Posted by Binor on 03/01/2016

In this post, we show how to setup a simple LAN gateway running a DHCP server and DNS forwarder. The setup is based on OpenBSD and uses the DHCPD and Unbound.

We are assuming to have a box with two NIC cards. The first one is connected to the internal network. The second is connected to your internet access device (e.g. DSL router). We also assume that the box is running OpenBSD. The installation of OpenBSD is straight forward.

First we have to configure the static IP on the two network interfaces. Assuming the internal interface is named em1 and the external interface is em0, this is done by editing the files /etc/hostname.em0 and /etc/hostname/em1 to look like the following:

# /etc/hostname.em0 inet NONE -inet6 # /etc/hostname.em1 inet NONE -inet6

Since we are using static IP, we need to define the default gateway. This is done by adding the IP of the network gateway to the file /etc/mygate. For example in our example, the default gateway is For the network configuration changes to take effect, we have to run the following command:

sh /etc/netstart

After the configuration of the network interfaces of our gateway, we need to configure it to be able to forward IP packets between these two interfaces. This is necessary to be able latter to configure the gateway to do NAT. The following command enables this feature:

sysctl net.inet.ip.forwarding=1

To make this change permanent, we have to run the following command:

echo "net.inet.ip.forwarding=1" >> /etc/sysctl.conf

Next step is the configuration of pf (packet filter) to enable NAT. We also by default block all incoming connections on the external interface. The file /etc/pf.conf contains the configurations of the packet filter program.

# /etc/pf.conf
int_if = "em1"
lan_net = ""
set skip on lo0 				# allow all on localhost
match in all scrub (no-df) 		# scrub incoming packets
block log all 					# by default block all
block in quick from urpf-failed 	# protect from spoofing
pass in on \$int_if from \$lan_net	# allow all incoming packet on em1 coming from the LAN
pass out on \$int_if to \$lan_net	# allow all outgoing packet on em1 going to the LAN
pass out on \$ext_if proto { tcp udp icmp } all modulate state # allow all outgoing on em0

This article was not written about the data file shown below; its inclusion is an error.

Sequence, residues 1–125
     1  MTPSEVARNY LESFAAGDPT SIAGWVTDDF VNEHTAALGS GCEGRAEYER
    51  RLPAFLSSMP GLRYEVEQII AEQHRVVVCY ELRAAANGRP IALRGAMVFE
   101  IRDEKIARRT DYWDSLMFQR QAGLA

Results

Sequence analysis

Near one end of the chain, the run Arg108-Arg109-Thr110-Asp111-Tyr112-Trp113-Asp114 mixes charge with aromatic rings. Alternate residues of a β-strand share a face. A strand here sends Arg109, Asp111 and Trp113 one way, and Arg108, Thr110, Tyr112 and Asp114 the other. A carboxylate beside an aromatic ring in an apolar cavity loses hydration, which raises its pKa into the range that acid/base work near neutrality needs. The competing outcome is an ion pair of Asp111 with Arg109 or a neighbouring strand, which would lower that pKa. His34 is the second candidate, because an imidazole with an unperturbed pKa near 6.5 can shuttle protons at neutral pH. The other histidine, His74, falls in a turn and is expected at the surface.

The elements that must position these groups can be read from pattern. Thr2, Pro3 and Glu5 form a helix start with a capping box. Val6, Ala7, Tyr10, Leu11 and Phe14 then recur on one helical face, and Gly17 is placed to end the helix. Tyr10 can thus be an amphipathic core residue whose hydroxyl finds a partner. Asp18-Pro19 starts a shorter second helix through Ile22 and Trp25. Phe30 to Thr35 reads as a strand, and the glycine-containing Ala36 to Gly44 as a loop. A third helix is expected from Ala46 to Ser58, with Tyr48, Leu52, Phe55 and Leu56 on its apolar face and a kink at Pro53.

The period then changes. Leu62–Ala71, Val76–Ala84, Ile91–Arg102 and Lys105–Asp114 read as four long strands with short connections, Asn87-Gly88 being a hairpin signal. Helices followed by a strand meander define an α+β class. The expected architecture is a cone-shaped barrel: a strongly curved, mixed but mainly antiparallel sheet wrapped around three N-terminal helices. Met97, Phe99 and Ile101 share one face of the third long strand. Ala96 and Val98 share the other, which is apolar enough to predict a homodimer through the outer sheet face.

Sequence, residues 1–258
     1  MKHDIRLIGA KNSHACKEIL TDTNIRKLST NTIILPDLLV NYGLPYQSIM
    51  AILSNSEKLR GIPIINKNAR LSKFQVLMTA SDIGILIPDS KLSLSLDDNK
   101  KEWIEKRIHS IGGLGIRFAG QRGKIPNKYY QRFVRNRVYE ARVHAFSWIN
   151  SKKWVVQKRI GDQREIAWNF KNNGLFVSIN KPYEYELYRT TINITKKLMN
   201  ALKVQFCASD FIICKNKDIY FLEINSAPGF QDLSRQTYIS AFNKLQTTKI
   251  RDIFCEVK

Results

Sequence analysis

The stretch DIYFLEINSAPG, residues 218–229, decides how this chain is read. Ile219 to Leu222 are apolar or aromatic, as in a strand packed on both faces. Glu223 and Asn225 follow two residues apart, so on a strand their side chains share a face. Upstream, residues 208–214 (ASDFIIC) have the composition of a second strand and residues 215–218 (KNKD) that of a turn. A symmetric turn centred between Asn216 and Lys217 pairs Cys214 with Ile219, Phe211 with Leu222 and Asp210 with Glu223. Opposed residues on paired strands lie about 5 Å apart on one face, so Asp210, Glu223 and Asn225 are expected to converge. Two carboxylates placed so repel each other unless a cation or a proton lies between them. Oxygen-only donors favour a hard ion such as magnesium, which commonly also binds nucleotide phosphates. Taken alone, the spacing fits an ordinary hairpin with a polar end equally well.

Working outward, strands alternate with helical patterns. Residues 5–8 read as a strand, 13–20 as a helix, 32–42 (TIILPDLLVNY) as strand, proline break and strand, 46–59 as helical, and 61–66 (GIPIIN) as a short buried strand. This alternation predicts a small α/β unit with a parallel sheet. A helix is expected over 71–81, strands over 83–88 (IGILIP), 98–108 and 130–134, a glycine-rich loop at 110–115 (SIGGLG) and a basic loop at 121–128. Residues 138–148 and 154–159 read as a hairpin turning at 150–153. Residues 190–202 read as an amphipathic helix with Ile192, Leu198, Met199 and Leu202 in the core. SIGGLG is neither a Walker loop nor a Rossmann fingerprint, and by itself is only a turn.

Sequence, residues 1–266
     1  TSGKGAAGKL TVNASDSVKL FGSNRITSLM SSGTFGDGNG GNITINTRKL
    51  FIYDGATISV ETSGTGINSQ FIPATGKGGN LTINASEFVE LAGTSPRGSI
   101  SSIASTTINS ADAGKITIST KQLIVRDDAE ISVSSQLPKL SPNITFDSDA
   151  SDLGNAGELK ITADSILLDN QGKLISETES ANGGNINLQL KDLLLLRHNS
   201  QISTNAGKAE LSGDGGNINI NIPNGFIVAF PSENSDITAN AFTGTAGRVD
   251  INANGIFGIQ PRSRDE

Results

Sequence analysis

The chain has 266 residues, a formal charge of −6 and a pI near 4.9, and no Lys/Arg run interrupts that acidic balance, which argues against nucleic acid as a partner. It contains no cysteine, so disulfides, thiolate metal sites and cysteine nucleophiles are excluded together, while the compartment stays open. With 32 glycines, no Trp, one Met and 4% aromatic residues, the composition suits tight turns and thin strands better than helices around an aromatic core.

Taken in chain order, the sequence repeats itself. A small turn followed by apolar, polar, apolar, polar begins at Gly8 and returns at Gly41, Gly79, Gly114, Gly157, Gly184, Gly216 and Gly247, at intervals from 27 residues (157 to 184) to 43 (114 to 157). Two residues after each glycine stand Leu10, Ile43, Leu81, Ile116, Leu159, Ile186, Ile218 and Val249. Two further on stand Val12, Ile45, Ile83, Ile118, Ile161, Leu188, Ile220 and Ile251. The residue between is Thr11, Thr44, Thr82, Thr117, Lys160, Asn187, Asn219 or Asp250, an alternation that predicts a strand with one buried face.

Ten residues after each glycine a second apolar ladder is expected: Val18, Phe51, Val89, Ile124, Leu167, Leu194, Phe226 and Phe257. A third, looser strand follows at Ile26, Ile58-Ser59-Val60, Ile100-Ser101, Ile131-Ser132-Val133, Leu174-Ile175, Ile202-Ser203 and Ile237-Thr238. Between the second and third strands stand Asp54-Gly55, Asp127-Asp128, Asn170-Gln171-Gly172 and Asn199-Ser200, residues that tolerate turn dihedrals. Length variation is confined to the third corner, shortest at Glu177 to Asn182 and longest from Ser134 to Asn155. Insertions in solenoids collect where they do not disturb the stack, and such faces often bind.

# enable natting
match out log on \$ext_if from \$int_if:network nat-to (\$ext_if:0)

The pf configuration is enable by running the command pfctl -f /etc/pf.conf

The above configurations provide the basic setup of a LAN gateway. Our box is now able to route traffic between our LAN and the internet. To make life easier for our LAN users, we need to have at least a DHCP and DNS servers. The first one enables the users to get dynamically an IP. The second is used mainly as a DNS cache/forwarder. It can also be used to define local host mapping for some of the LAN services.

For the DNS service, we use Unbound, a DNS cache solution that ships by default with OpenBSD. The configuration file should look like the following:

    do-ip6: no
    verbosity: 3
    log-queries: yes

    access-control: refuse
    access-control: allow
    access-control: allow
    access-control: ::0/0 refuse
    access-control: ::1 refuse

    hide-identity: yes
    hide-version: yes

    name: "."                               

In the configuration above, we first define the interfaces the Unbound daemon will be accepting request on. In our case, the loopback and the LAN interfaces. After that, we disable IPv6 and enable DNS query logging. Access controls settings define from where the DNS queries can be accepted. The final lines of the configuration file define to where the queries are forwarded. We use here the Google public DNS servers. The next step is now to enable the Unbound daemon service and start it:

rcctl enable unbound
rcctl start unbound

The final step of our gateway setup is the configuration of the DHCP server using dhcpd. The configuration file should look like the following:

shared-network BINOR-LOCAL {
    default-lease-time 86400;
    option  domain-name "BINOR.LOCAL";
    option  domain-name-servers;
    subnet netmask {
            option subnet-mask;
            option broadcast-address;
            option routers;

The dhcpd configuration next step is to define the network interface the daemon will be listening on. This is done by appending the following line to the file /etc/rc.conf.local :


The final step of the configuration is to enable the auto start of the dhcpd service and updating the gateway /etc/resolv.conf to point to localhost.

rcctl enable dhcpd
rcctl start dhcpd
echo "nameserver" > /etc/resolv.conf

After these steps, we have a working small LAN gateway offering a DHCP and DNS caching/forwarding services. Possible next steps is to setup our mail and/or XMPP services.


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